i think for spielberg it was a cheap shot

personally i don't think he's directed anything worth watching since Saving Private Ryan and even that was paint by numbers
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Re: Convince me War Horse is not hokum

Postby J.M. Vargas » Thu Dec 29, 2011 5:16 pm

Caught "War Horse" at the Ziegfeld in NYC the day after Christmas (a couple of days after seeing Scorsese's "Hugo" 3D in the same venue). No surprises here, the trailer pretty much tells you what the movie is and that's what you get. Its Spielberg and Co. (Williams, Kaminski, Kahn, Kennedy & Marshall, etc.) almost on auto-pilot assembling their latest, expensive feel-good and historically-accurate (as far as background and period details are concerned) motion picture event that affirms the value of family, honor and tradition. It's "Au hasard Balthazar" meets "Empire of the Sun," and we know from "A.I." which side of this mash-up ends up dominating when Spielberg directs/produces.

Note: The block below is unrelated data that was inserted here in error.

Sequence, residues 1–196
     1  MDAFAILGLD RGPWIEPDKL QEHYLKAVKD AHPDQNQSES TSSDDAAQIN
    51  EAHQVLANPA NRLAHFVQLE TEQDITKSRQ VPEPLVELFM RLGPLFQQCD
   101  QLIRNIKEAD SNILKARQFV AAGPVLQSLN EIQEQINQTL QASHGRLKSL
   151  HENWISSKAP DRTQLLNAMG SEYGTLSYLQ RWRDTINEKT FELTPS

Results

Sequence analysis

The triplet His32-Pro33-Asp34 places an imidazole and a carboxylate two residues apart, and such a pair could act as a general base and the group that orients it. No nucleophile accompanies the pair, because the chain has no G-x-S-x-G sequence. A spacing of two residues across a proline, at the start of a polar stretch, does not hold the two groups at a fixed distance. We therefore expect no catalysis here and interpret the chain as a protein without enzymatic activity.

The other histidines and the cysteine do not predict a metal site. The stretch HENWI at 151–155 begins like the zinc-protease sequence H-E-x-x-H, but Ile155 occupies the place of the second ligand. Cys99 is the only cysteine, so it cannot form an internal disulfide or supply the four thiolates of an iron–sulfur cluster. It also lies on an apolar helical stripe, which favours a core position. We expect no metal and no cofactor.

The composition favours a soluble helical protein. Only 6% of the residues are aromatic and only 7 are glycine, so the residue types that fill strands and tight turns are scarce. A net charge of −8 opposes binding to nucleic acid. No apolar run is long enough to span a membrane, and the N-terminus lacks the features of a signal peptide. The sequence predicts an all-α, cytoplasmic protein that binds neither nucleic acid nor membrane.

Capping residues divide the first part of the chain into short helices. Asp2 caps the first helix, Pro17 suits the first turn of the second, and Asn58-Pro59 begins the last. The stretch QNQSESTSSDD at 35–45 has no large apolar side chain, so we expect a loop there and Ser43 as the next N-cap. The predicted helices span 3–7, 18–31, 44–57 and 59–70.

I just saw "Balthazar" last month for the first time so Spielberg's attempts to humanize the horse (including the too-obvious use of animatronic and/or CG effects to have the horse's eyes express emotion) stood out, especially because he didn't try to do this often but only a handful of times. But then there are so many little tribute/homages to "Balthazar," "Paths of Glory," "How Green Was My Valley" (fitting since this is Spielberg at his most John Ford-ish) and Steven's own movies throughout "War Horse" that one can't help but admire Steven's mastery of his directorial craft just as you're shaking your head in disapproval of the screen bleeding schmaltz from every pore. No surprise that the horses (there's a black one besides 'Joey' that's almost like a sidekick) are the most-compelling and better actors of the movie with a couple of notable exceptions. God bless Emily Watson for allowing herself to be typecast in the concerned wife/motherly voice of reason for so long, but her scenes with Jeremy Irvine (the CW-approved bland lead) and Peter Mullan (whose drunk patriarch schtick and silly farm duck made the cut from the stage play... got that Minkin?) make me appreciate the lift she gives to every movie she's cast in. And Niels Arestrup's handful of scenes (especially one near the end) as a concerned grandparent are also good. The absence of any actors recognizable to most regular moviegoers (only David Thewlis, Arestrup and Watson stood out) actually helps "War Horse" because you're basically left with the horses as the only recognizable and familiar thread through the many owners, countries, battles and World War I events it passes through. The 'money shot' of the movie when the horse runs through the trenches of a WWI battlefield (most of it made it into the trailer) is cinematically thrilling, as are a handful of moments (a "Paths of Glory"-type trench battle that feels like a PG-13 "Saving Private Ryan" moment, the charging of the British brigade against a German front, etc.) that are constantly undermined by Spielberg underlining every emotion/twist with a too-obvious reveal ahead of time so that slow audience members (i.e. little kids) aren't lost. That said there's a line late in the movie to explain why all the characters (German and French besides the Brits) speak English, along with some schtick between a German and British soldier, that literally brought down the house (i.e. the 35-40 patrons that came to the Ziegfeld that night).